Posted: 27 Jun 2019 08:55 AM PDT
Lauriston Hall: Wed 26 – Fri 28 June 2019
Crude on several levels, amateur company Athens of the North’s project to stage Andrew Wilson’s new translation of Aristophanes’ Women In Parliament is both fascinating and infuriating.
Fascinating, because it is an attempt to give a properly contemporary airing to a play which is not only almost two and half thousand years old, but is also one of the first examples of staged comedy.
Infuriating because, with just three performances at the Lauriston Hall, there is little time to hone the production. Moreover, it has had but a dozen rehearsals – with only one, the dress rehearsal, at which all the cast have been present. And, to be honest, it shows.
Wilson’s translation of Aristophanes’ Ecclesiazousae, updates the setting to a contemporary time with such modern ideas as mobile phones and Brexit, but keeps his contempt for politicians very much alive, as the wives of Athens’ citizens steal their husband’s clothes and descend on parliament.
Only the names have changed of the mendacious, self-serving hypocrites, who haven’t thought through the promises they make on the spur of the moment. So there are plenty of references to Johnson, Rees-Mogg and, of course, the slogan “Make Athens Great Again”.
radical new laws
Led by Praxagora (Angela Estrada) and Alpha (Hilary Davies), the women pretend to be men, gain access to the voting chamber and vote through radical new laws to give power to women, arguing that they are much better equipped to make decisions of State, and confining men to the house.
The first laws they enact are that all ownership of goods is forbidden, the State will provide all food and if men want to have sex, they must satisfy an older woman before they may look at a younger.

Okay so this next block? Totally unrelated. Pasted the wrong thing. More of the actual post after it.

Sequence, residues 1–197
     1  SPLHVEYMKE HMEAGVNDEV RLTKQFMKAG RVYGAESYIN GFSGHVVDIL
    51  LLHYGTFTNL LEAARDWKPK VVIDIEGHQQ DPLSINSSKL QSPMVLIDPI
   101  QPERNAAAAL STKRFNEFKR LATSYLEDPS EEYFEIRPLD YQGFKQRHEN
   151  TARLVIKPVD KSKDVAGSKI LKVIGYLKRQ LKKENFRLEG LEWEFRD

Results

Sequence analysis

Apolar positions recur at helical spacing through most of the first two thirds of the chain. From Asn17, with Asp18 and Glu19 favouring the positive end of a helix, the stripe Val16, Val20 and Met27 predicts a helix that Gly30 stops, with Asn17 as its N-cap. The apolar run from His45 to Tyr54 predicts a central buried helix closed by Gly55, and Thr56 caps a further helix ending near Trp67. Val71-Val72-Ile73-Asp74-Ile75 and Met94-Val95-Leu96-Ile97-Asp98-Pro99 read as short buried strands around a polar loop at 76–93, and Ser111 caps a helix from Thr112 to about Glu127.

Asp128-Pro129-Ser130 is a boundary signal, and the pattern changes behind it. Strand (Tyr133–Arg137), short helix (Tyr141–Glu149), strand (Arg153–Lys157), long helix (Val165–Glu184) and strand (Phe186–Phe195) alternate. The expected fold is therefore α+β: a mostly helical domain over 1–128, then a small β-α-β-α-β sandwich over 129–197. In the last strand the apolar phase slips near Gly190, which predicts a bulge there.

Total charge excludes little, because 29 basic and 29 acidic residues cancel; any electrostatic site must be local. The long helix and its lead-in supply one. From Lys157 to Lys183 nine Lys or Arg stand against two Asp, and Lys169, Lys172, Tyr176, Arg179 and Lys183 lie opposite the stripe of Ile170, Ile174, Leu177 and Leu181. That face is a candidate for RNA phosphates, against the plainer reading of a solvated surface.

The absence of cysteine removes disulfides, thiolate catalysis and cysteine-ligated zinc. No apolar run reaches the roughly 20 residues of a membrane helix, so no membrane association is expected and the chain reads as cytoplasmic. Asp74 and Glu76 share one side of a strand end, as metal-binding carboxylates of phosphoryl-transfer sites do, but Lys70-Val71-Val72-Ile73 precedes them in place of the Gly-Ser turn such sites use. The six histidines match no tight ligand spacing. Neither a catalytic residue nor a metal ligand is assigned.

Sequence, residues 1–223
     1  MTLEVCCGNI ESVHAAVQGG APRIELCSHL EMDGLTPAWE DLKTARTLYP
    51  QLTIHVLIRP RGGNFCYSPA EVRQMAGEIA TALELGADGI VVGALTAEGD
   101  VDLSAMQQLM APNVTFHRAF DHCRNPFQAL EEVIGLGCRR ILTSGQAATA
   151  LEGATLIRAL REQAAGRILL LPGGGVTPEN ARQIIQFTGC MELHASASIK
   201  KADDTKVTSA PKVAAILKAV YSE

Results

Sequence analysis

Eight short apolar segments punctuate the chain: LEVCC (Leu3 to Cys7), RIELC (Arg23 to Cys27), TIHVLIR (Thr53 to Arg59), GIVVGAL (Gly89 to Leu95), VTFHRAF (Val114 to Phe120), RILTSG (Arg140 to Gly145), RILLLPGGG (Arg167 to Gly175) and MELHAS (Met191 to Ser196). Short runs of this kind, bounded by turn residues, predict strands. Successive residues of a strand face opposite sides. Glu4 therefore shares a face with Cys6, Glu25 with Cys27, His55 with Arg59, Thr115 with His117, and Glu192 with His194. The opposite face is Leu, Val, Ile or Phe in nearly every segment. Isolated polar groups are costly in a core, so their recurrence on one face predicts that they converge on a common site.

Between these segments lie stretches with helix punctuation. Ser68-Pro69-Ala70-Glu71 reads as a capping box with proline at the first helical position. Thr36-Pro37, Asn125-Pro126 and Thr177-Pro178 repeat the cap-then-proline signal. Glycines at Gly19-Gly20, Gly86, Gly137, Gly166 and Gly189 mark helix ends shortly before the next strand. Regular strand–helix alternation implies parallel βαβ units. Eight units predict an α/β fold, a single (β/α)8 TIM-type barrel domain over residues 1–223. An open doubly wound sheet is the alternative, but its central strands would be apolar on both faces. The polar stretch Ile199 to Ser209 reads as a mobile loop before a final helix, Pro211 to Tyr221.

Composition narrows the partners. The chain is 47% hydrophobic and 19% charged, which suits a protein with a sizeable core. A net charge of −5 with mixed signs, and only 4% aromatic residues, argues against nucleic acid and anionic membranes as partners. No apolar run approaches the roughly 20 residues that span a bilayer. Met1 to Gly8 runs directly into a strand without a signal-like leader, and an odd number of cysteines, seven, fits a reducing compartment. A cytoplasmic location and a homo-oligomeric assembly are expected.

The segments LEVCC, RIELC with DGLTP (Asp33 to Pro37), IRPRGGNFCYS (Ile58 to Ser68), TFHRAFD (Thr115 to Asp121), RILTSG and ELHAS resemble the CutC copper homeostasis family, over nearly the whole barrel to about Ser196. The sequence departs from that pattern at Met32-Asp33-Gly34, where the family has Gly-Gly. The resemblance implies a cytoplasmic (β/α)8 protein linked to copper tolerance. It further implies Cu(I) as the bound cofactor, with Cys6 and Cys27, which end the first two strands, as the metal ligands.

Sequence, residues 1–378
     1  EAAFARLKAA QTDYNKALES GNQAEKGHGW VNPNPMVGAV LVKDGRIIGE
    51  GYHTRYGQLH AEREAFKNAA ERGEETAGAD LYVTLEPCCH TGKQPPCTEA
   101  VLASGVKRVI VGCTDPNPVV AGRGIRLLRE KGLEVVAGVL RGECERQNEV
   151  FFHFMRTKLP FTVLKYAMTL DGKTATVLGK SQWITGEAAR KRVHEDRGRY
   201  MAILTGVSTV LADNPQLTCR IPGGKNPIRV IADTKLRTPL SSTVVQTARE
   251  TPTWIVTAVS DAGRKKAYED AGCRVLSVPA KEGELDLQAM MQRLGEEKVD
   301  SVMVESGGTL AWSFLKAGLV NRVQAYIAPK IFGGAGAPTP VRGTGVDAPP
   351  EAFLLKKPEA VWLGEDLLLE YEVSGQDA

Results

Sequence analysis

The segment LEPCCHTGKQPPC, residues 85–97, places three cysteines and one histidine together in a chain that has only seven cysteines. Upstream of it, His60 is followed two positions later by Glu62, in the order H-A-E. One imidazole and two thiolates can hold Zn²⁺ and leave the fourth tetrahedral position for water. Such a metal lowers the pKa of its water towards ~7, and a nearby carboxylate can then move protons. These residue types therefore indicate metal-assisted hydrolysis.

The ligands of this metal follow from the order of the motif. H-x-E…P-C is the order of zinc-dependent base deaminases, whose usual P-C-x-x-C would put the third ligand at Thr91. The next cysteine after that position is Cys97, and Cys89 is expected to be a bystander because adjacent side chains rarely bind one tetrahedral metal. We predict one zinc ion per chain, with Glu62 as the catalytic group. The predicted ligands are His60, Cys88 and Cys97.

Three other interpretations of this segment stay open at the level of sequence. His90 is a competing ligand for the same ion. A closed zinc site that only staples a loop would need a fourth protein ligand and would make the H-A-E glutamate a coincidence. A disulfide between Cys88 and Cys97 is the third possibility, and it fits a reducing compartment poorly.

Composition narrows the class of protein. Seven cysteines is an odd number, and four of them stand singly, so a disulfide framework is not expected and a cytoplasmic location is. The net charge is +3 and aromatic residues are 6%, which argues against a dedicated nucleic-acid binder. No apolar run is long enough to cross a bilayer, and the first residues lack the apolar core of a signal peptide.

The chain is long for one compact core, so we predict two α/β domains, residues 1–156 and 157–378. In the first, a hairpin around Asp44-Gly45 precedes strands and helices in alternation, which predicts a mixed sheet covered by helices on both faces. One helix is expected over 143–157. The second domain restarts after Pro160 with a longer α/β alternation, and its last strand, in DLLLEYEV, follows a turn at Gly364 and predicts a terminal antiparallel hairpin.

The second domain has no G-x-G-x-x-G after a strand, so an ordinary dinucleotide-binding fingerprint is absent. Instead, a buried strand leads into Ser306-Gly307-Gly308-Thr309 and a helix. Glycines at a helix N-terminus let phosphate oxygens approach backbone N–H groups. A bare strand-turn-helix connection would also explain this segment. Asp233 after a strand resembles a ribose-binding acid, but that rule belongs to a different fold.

Meanwhile, Praxagora’s husband Blepyrus (Mike Towers) and their neighbour Marathon Man (Mark Adams), wake up to find their clothes missing. Forced to put on their wives’ nighties when they go outside for their morning shit, they bump into Chremes (Charlie Munro), who relates the news from parliament.
Yes, it really is that coarse. While Estrada and Davies make great job of putting their nine-strong chorus of women on the right track – swearing to the masculine gods and pretending to knowledge they don’t have – Towers and Adams are left with a long passage of comedy based on finding a place to go to the loo.
The issue here is not the level of the jokes, but simply that comedy is not easy. And scatological comedy is notoriously hard if you are to make more than a skid-mark of an impression on any audience. Five year olds may laugh at poo, no matter the context, but the physical comedy inherent in needing a poo, demands to proper clown to squeeze it out.
Then there is the question of delivering Wilson’s rhyming verse translation. Only Chris Allan as Mean Man, a cynical neighbour of Chremes who defies the laws about giving his goods away, succeeds in finding a natural meter. Elsewhere it all feels too forced to work as it might.
It’s not all bad, just under rehearsed. And some of they physical comedy works fine – notably some nicely done hat business between the male citizens and David Cree, Robert Seaton and Alasdair Watson as slaves.
Director Michael Scott makes good use of the playing area, which has such a large thrust that you might call it traverse and the musical element brings things up several notches. Wilson’s words are set to popular tunes, arranged by Mark Adams, which include several that will be recognised by fans of G&S – all delivered with great power by a company that is packed with singing talent.
Politically, despite the pointed references to Brexit and those who propose to foist it upon us, this is a lot more ambiguous than you would have thought. There are plenty of ideas about democracy, feminism emancipation from slavery, lust and greed, there is little by way of resolution.
As it stands, Women in Parliament feels like a sketch of what it might be. At its worst it becomes a caricature of itself, and there is the odd moment worthy of The Art of Coarse Acting.
At its best, however, slapstick and the crudest of comedy, tussle alongside the pointedly political with strong effect. And the singing makes up for any faults.
Running time: One hour and 40 minutes (no interval).
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